Photo: Sharif Solaiman/Addameer op Mondoweiss
De titel klopt niet, want Khader Adnan wordt niet vrijgelaten. Pas over 2 maanden. Inshallah.
"De man, volgens Israel een actief leider van de terroristische organisatie Islamitische Jihad, zat ruim negen weken vast maar was nog niet in staat van beschuldiging gesteld."
Niet "volgens Israël" want die heeft nog steeds geen een beschuldiging kunnen formuleren. En zeker niet dat hij een "leider" was, noch dat hij "actief" was. Dat zijn allemaal suggesties geweest van de hasbara-horde.
"De staat krijgt dan tijd bewijzen boven water te halen die wel in de rechtbank kunnen worden besproken."
Nonsens, omdat iemand in 'administratieve detentie' helemaal geen rechter te zien krijgt. Afgezien daarvan zitter er Palestijnen soms 6 jaar lang in 'administratieve detentie', dus kan dat nooit een argument zijn.
De Israëlische mensenrechtenorganisatie B'tselem:
According to international law, administrative detention can be used only in the most exceptional cases, as the last means available for preventing danger that cannot be thwarted by less harmful means.
Israel's use of administrative detention blatantly violates these restrictions. It is carried out under the thick cover of privilege, which denies detainees the possibility of mounting a proper defense. Over the years, Israel has administratively detained thousands of Palestinian for prolonged periods of time, without prosecuting them, without informing them of the charges against them, and without allowing them or their attorneys to study the evidence, making a mockery of the protections specified in Israeli and international law to protect the right to liberty and due process, the right of defendants to state their case, and the presumption of innocence.
Addameer Prisoner Support and Human Rights Association (pdf):
While international humanitarian law does allow the occupying power to use administrative detention, it is only under explicit and exceptional circumstances. Article 78 of the IV Geneva Convention gives the occupying power the authority to take safety measures, concerning protected persons (inhabitants of the occupied territories are regarded in the Convention as ‘protected persons’), including internment for ‘imperative reasons of security’ and not as a mean of punishment. On the contrary, the Israeli authorities have used administrative detention in most cases indiscriminately and as a means of punishment.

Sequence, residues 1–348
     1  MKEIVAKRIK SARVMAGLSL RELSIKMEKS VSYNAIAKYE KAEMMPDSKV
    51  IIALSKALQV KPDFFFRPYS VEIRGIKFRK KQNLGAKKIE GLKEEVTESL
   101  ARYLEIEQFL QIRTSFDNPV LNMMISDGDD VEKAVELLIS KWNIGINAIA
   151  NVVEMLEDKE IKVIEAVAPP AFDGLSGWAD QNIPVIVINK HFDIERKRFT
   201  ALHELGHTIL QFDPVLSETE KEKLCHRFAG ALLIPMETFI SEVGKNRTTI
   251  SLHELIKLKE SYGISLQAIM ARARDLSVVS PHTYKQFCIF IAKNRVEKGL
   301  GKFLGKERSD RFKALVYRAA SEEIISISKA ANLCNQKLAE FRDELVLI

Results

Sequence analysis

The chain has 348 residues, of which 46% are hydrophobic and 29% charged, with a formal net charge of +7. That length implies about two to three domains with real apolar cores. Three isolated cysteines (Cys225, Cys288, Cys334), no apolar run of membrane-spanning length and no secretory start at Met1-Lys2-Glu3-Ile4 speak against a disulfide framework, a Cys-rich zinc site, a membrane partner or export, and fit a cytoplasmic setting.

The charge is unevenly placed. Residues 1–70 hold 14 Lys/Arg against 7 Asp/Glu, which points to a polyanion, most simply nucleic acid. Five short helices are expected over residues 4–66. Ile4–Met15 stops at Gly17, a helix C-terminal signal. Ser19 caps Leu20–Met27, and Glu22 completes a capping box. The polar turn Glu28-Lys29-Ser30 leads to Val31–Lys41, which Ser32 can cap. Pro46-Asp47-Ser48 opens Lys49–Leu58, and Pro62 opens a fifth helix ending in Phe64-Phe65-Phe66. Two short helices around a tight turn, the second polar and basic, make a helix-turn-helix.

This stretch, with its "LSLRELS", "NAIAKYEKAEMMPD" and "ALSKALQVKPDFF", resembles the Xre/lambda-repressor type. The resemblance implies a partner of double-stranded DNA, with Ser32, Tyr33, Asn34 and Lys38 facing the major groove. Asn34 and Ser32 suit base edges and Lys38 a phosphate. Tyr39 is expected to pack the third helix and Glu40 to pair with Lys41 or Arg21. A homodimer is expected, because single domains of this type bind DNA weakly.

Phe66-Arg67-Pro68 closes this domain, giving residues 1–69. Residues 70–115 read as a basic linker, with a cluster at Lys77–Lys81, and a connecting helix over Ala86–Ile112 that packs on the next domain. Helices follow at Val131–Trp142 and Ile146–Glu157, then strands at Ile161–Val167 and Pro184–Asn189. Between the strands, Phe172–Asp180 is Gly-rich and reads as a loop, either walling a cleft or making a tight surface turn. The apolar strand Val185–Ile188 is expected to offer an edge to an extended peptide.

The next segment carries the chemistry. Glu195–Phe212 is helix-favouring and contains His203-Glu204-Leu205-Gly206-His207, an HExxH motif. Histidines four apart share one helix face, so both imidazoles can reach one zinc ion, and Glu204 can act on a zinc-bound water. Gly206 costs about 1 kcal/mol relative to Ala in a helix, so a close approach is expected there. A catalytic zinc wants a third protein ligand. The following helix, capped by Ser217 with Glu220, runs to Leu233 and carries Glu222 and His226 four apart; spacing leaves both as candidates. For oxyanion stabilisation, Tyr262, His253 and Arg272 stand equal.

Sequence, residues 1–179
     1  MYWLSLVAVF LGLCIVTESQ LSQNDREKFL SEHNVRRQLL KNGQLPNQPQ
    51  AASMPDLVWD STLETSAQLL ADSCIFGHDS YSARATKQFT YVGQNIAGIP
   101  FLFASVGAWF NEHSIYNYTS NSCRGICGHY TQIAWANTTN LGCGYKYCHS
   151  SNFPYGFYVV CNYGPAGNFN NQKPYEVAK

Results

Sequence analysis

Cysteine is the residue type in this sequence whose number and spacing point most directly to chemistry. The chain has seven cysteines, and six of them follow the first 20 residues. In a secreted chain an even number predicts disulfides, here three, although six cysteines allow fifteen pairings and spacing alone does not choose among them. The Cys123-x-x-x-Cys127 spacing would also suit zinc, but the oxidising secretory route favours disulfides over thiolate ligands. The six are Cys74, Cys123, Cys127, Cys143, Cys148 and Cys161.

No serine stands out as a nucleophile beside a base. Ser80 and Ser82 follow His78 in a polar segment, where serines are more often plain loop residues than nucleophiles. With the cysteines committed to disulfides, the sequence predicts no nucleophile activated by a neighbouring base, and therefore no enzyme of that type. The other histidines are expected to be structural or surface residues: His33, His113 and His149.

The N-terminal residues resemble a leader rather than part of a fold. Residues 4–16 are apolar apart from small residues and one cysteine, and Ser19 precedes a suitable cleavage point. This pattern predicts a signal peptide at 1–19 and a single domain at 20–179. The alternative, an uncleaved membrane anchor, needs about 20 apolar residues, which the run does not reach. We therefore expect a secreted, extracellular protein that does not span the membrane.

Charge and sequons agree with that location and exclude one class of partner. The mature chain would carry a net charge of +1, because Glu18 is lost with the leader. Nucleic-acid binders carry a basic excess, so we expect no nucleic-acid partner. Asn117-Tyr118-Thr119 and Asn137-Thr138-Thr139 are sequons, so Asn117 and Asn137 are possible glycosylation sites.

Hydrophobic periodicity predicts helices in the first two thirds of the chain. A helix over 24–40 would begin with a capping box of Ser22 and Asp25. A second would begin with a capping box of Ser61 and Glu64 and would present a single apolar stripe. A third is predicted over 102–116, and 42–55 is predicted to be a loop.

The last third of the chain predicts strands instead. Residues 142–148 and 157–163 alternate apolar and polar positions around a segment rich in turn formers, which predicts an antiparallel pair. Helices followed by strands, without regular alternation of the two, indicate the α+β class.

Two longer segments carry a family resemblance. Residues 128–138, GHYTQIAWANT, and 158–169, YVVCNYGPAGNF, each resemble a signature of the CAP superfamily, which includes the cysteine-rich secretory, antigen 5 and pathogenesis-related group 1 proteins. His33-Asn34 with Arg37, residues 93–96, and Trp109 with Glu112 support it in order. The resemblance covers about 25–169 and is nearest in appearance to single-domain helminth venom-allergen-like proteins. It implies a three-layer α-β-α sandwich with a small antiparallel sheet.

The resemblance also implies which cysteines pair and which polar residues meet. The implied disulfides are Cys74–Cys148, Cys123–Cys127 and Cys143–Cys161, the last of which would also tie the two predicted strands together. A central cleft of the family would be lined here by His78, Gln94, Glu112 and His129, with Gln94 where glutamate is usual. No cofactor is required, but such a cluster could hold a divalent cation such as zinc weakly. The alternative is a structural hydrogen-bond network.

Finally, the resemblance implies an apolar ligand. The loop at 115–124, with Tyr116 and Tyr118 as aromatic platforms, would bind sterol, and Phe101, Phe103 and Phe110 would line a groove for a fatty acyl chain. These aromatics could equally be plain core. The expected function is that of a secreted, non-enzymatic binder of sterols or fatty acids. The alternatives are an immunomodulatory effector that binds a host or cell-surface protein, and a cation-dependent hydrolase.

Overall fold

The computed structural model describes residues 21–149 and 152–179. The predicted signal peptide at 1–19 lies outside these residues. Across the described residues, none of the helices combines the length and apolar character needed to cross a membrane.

Carrying or placing a Palestinian flag is a crime in itself under Israeli military regulations and even pouring coffee for a member of a declared illegal association can be seen as support for a terrorist organization. Palestinian national security forces are also seen as an illegal association.
International humanitarian law, primarily comprising the Geneva Conventions of 1949 and their Additional Protocols, as well as international human rights law, provide the international legal standards that are to be applied to administrative detention in armed conflict and other situations of violence. International law permits administrative detention under specific, narrowly defined circumstances. In accordance with the International Covenant on Civil and Political Rights (ICCPR) there must be a public emergency that threatens the life of the nation. Furthermore, administrative detention can only be ordered on an individual case-by-case basis, without discrimination of any kind. A State’s collective, non-individual detention of a whole category of persons could in no way be considered a proportional response, regardless of what the circumstances of the emergency concerned might be. Only imperative reasons of security justify the use of administrative detention under international law. According to Adalah, Israel has sought to justify its policy of administrative detention by the remarkable claim that it has been under a “state of emergency since 1948” and is therefore justified in suspending or “derogating” from certain rights, including the right not to be arbitrarily detained. Administrative detention should not be used as a substitute for criminal prosecution where there is insufficient evidence to obtain a conviction.
Israel’s use of administrative detention deliberately infringes these restrictions.
Maar over die werkelijkheid lezen we natuurlijk niet bij het CIDI.